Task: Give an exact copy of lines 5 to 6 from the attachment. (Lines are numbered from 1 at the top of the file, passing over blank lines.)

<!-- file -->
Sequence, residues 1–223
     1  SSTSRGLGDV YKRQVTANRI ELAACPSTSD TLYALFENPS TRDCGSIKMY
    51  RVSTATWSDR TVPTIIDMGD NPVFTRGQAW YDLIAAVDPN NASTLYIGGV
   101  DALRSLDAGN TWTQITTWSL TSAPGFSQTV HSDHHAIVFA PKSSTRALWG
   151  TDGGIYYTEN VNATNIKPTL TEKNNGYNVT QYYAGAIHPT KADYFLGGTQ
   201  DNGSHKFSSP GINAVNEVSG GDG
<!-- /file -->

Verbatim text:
   151  TDGGIYYTEN VNATNIKPTL TEKNNGYNVT QYYAGAIHPT KADYFLGGTQ
   201  DNGSHKFSSP GINAVNEVSG GDG